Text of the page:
Comments or suggestions: Gerard Van der Leun


Sex: The First and Last Temptation of High Tech

THERE EXIST A PLETHORA of quotes about how things change but remain the same, so I'll spare you. It just seemed to me that two decades in high tech closed in my own little mind this afternoon as I was clicking through some of my back pages. In 1993, Wired was about to be launched and I was asked to write something for the first issue. The article, Wired 1.01: This Is A Naked Lady is found below, somewhat updated as is my habit over time. But what is really interesting, at least to me, is how little updating it needed. What was more interesting, at least to me, was this curious conjunction of Wired's current cover to an article from its first issue that closes with a meditation on the probable rise of robots for other, more wetware uses than just spot welding SUVs.


It all goes to show that while high tech may be tempting, we'll not see the end of that temptation in our lifetime. Then again, why would we want to?

UPDATE: I'm not the only one out there with memories of the "Naked Lady:"

James @ SciScoop does as well.

"I remember her from back when I subscribed to The Source!!! I accessed it with a diskless TRS-80 Model III and an external Lynx 300 baud modem. Man, those were the days. I upgraded my TRS-80 myself from 16K to 64K (that's K-as-in-kilo, kids!!!) RAM and never did get the RF shield back on right, there was always TV static when I fired it up after that. "

Ah, there's RAM and then there's Mem'ries...

"This is a Naked Lady" -- 1993-2004

Back in the dawn of online when a service called The Source was still in flower and 1200 baud was blazing,, a woman I used to know, would logon to that service as "This is a naked lady."

She wasn't naked of course, except in the minds of hundreds of young and not so young males on The Source, who sent her unremitting streams of detailed wet dreams night after night, hoping to engage her in online exchanges known as "hot chat"; a way of engaging in a mutual fantasy often found only at 900 services. In return, "The Naked Lady" egged them on with leading questions larded with copious amounts of double entendre. She also kept an open file on her computer where she kept copies of all her "conquests".

When we discussed this during the time in 1984 she spent writing a book on information services for me (Confessions of an Infomaniac Houghton Mifflin, Boston), she initially put it down to "just fooling around on the wires."

"Its just a hobby," she said. "Maybe I'll get some dates out of it. Some of these guys have very creative and interesting fantasy lives."

At the start, she was a rather mousy person, favored gray clothing of a conservative cut, and was the paragon of shy and retiring womanhood. Looking at her on the street, you'd never think that her online persona was one that excited the libidos of dozens of men every night.

But as the months online progressed and she became (through the dint of her blazing typing speed) the kind of person that could keep a dozen or more online sessions of hot chat going at a time, a strange transformation came over her. She got a trendy haircut, and had it streaked. Her clothing tastes went from Peck and Peck to tight skirts slit up to the thigh with tight sweaters to match. She began to regale me with descriptions of her expanding lingerie collection, and ask my advice on condoms and other personal items of nocturnal intent.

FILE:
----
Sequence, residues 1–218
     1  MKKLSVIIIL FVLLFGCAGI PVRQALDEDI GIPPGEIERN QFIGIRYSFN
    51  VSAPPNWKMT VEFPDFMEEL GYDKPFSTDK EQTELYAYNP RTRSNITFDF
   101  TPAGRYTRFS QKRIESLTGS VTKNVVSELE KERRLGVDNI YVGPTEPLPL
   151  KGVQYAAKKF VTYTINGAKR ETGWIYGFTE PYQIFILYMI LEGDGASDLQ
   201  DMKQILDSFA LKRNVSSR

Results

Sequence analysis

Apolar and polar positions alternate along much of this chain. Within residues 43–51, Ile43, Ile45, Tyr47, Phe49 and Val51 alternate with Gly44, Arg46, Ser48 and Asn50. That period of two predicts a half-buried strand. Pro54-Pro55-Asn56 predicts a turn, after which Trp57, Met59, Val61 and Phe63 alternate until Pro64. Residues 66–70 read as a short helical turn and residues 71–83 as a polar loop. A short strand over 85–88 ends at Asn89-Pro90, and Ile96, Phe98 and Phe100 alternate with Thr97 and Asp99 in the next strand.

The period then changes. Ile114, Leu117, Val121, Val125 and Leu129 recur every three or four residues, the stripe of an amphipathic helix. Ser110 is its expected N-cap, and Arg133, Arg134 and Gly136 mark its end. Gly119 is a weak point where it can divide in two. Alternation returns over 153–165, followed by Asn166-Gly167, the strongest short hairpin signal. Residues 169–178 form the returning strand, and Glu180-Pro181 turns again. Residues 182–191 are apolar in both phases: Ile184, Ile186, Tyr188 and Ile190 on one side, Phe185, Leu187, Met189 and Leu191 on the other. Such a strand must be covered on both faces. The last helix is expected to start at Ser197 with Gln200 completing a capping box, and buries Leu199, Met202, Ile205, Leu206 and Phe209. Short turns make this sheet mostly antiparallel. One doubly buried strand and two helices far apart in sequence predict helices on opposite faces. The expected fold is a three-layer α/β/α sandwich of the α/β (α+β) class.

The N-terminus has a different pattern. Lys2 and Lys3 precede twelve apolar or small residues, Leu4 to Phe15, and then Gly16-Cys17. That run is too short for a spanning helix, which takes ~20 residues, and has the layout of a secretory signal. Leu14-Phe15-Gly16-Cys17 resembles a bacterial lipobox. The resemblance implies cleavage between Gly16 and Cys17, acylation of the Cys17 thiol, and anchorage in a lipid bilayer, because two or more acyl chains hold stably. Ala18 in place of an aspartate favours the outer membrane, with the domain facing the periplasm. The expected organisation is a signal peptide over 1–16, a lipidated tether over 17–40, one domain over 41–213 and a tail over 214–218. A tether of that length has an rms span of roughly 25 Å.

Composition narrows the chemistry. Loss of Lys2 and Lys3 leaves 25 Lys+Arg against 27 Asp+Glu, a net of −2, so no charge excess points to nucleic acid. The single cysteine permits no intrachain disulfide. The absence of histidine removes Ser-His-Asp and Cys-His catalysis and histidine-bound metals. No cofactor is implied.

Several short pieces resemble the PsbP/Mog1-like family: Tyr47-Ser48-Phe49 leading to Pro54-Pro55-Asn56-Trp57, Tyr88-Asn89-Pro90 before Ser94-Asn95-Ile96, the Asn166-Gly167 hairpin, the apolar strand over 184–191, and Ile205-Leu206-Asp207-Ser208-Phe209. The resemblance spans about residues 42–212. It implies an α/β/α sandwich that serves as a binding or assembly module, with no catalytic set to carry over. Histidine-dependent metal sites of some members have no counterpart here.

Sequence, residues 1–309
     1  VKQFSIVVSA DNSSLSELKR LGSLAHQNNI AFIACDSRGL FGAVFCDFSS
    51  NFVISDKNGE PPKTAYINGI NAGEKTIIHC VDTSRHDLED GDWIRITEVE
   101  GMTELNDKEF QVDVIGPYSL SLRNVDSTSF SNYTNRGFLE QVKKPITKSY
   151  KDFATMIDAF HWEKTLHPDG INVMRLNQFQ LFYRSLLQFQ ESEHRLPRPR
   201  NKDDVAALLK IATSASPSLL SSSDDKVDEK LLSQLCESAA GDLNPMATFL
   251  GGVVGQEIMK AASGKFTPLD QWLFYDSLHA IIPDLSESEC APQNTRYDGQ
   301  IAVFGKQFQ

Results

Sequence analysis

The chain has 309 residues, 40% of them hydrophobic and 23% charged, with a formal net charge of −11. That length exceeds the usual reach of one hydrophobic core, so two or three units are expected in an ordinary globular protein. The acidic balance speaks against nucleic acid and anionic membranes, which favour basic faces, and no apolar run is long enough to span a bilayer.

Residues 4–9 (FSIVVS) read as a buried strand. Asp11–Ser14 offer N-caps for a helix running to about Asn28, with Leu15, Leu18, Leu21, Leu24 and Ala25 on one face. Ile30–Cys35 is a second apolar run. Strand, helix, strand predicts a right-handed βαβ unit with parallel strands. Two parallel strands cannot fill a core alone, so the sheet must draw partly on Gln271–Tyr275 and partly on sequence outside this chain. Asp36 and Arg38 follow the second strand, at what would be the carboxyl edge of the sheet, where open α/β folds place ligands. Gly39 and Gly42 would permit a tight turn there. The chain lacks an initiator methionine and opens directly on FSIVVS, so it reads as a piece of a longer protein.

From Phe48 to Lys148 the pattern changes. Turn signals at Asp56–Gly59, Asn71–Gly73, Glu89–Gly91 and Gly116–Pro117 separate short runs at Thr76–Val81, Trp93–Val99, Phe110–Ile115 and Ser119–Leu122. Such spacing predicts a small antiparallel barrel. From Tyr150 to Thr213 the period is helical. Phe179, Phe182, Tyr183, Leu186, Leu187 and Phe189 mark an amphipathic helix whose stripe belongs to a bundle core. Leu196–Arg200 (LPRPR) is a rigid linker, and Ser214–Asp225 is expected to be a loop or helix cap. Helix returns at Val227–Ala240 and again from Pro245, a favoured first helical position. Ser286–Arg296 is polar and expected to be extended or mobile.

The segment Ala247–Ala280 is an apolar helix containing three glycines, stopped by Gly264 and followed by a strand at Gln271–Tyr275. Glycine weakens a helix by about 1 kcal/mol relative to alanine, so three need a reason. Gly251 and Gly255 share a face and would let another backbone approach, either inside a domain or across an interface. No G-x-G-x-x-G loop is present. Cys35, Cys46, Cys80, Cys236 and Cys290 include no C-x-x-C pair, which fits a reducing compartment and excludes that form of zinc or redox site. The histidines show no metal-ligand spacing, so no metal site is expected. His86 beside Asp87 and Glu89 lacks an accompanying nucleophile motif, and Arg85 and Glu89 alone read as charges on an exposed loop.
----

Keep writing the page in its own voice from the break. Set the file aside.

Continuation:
Her speech became bawdier and her jokes naughtier. Her choice of lipstick changed from Chapstick to "Passionfruit". She started to resemble an aging cheerleader gone to seed. After a while, it dawned on me that I was witnessing the total transformation of her character. In short, she was becoming her online personality; lewd, bawdy, sexy, a man-eater.

After the book was delivered, I left town. The last I saw of her, she was using her online conversations to get dates and favors from the men foolish enough to fall into her clutches.

The bait was an old without strings attached, sex without love, sex as a fantasy pure and simple. An ancient profession whose costs always exceed expectations and whose pleasures invariably disappoint. The "fishing tackle", however, was way new at the time: online telecommunications. The "new twist" was that you didn't have to look your best and there was nothing to clean up afterward.

In the two decades that have passed since then there have been a number of other new wrinkles added to the text-based fantasy machine of online sex stories and erotic conversations that consumes an unknown and unknowable portion of the global telecommunications bandwidth. Groups have formed to represent all sexual persuasions. On the Internet for awhile there was a group called Most people at the time of its creation thought it was a joke. Alas, it was not, but neither was it's membership limited to Greek shepherds with cable modems.

You can send graphics from here to there and everywhere. NASA sends graphics of the Space Shuttle. Singles groups of all persuasions send photos and state preferences. And, yes, a large amount of traffic in these images is erotic in content. Sounds are starting to be sent. Movies, short clips called Quicktime, are being "netcast". All harbingers of ever more raunchy things to come. Because, for all the ho-ha that grows every louder by the day in our over-connected and soon to be entirely wireless world, the web reveals everything we are and that includes the fact that when it comes to sex, there really is no bottom to the human soul.